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Scientists coming to grips with plant microbes

By Brad Haire
University of Georgia

They can help a plant grow stronger, or they can kill it. And we know relatively little about how or why they do what they do. But a University of Georgia scientist says a new initiative can find some answers.

Farmers and gardeners around the world, whether they know it or not, depend heavily on beneficial plant-associated microbes to help their crops grow and fight off diseases.

Other plant-associated microbes, however, cause diseases that destroy plants, says Scott Gold, a plant pathologist with the UGA College of Agricultural and Environmental Sciences.

Microbes are microorganisms that can be found on or in most higher organisms, including animals.

Disease-causing microbes include viruses, bacteria, nematodes and fungi. Worldwide, these diseases annually destroy about $200 billion in potential food and fiber crops. Other microbes help plants process food.

Little is known

Despite the importance of plant-associated microbes, little is known genetically about how they work, said Gold, who is also a geneticist.

That’s why Gold is helping spearhead the American Phytopathological Society’s Plant-Associated Microbe Genome Initiative. The initiative calls for a five-year, $500 million public effort to develop complete genetic maps of important plant-associated microbes.

No funding has been secured, yet, for the initiative, he said. But the APS Public Policy Board has presented this information to stakeholders in meetings in Washington and plan to do so again in March.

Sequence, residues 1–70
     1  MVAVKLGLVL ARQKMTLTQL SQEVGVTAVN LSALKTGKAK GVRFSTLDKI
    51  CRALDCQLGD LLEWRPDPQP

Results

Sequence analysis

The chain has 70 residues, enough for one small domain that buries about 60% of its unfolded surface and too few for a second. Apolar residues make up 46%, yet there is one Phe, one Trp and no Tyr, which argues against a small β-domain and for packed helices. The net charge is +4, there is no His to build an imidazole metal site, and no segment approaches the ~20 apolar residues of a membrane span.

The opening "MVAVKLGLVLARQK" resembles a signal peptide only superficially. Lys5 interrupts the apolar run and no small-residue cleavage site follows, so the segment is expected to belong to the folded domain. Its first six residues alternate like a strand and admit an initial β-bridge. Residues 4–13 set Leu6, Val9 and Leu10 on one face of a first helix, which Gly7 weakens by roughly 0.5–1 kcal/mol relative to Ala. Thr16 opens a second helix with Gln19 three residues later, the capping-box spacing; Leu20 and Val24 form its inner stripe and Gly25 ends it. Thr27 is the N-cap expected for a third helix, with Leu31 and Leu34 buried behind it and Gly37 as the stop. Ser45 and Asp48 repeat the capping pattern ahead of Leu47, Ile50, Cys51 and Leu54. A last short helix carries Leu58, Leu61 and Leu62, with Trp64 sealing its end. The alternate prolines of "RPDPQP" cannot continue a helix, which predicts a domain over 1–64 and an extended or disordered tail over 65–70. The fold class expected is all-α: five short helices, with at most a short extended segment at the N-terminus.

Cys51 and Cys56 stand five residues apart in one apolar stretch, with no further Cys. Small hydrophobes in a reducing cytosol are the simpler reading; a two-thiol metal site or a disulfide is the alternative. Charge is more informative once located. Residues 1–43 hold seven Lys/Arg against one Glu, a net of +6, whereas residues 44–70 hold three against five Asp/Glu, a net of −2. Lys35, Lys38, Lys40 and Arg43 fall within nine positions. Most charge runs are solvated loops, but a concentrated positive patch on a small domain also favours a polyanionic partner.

Secure the future

The study will not only help scientists know more about plant- associated microbes, it will help insure the future of agriculture and protect the world’s food and fiber supplies and the environment, he said.

The world’s population is increasing. But the world’s food and fiber supplies are produced on fewer and fewer acres. It will become more important each year to make sure those few farm acres are as healthy and efficient as possible.

Certain microbes, too, can become weapons in the wrong hands. Engineered “super-strains” of some disease-causing microbes could cripple a nation’s economy.

“The U.S. agriculture system is diversified,” he said. “No single attack is going to destroy us. But an attack could hurt and cause a lack of confidence in the food supply.”

It doesn’t have to be an intentional microbial attack, he said. World trade is pushing countries into more frequent contact. And microbes, good and bad, are ready to travel, he said. A microbe that's not much of a problem in one country could economically devastate another.

Right now, scientists in California are baffled by the appearance of an exotic microbe, which causes a disease that kills oak trees at an alarming rate. And Florida’s multibillion dollar citrus industry is trying to prevent the spread of a nasty microbe that causes citrus canker, a deadly disease. There is no cure for either problem.

Understanding microbes on a molecular level would streamline identification of such domestic villains and foreign invaders, Gold said. That’s not possible right now.

“We could also tell whether or not the pathogen has been (genetically) manipulated in some way,” he said.

Novel tools

Genetic research can lead the way to novel management strategies for disease-causing microbes at home. U.S. farmers spend roughly $600 million on agricultural fungicides each year to fight diseases.

“This (research) could lead to more specific chemicals that are more focused on a problem and more environmentally friendly,” he said.

The genetic information the initiative could spur would be available forever, he said. And it could provide information that can be used for generations.

“It’s not a single shot,” he said. “It’s the foundation for many years of continued beneficial research.”

(Brad Haire is the former news editor with the University of Georgia College of Agricultural and Environmental Sciences.)

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